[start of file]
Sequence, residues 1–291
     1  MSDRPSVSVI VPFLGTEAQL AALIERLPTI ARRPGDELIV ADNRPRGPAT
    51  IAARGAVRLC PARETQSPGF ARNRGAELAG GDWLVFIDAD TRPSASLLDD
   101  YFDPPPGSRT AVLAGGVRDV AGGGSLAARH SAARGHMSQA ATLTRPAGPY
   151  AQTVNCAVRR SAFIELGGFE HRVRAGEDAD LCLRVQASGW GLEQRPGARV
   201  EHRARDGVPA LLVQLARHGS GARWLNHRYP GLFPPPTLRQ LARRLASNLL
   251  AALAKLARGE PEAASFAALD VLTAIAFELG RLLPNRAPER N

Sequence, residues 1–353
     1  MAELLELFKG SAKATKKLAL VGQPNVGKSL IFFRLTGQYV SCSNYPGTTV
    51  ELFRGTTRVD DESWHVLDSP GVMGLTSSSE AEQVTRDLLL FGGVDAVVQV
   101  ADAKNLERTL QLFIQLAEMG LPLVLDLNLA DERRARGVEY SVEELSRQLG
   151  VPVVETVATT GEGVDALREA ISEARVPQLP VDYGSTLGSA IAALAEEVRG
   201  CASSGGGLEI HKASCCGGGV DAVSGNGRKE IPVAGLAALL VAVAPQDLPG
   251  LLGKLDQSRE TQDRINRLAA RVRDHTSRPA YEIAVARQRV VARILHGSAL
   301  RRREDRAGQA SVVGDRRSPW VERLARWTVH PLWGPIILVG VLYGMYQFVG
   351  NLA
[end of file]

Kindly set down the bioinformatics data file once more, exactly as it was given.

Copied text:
Sequence, residues 1–291
     1  MSDRPSVSVI VPFLGTEAQL AALIERLPTI ARRPGDELIV ADNRPRGPAT
    51  IAARGAVRLC PARETQSPGF ARNRGAELAG GDWLVFIDAD TRPSASLLDD
   101  YFDPPPGSRT AVLAGGVRDV AGGGSLAARH SAARGHMSQA ATLTRPAGPY
   151  AQTVNCAVRR SAFIELGGFE HRVRAGEDAD LCLRVQASGW GLEQRPGARV
   201  EHRARDGVPA LLVQLARHGS GARWLNHRYP GLFPPPTLRQ LARRLASNLL
   251  AALAKLARGE PEAASFAALD VLTAIAFELG RLLPNRAPER N

Sequence, residues 1–353
     1  MAELLELFKG SAKATKKLAL VGQPNVGKSL IFFRLTGQYV SCSNYPGTTV
    51  ELFRGTTRVD DESWHVLDSP GVMGLTSSSE AEQVTRDLLL FGGVDAVVQV
   101  ADAKNLERTL QLFIQLAEMG LPLVLDLNLA DERRARGVEY SVEELSRQLG
   151  VPVVETVATT GEGVDALREA ISEARVPQLP VDYGSTLGSA IAALAEEVRG
   201  CASSGGGLEI HKASCCGGGV DAVSGNGRKE IPVAGLAALL VAVAPQDLPG
   251  LLGKLDQSRE TQDRINRLAA RVRDHTSRPA YEIAVARQRV VARILHGSAL
   301  RRREDRAGQA SVVGDRRSPW VERLARWTVH PLWGPIILVG VLYGMYQFVG
   351  NLA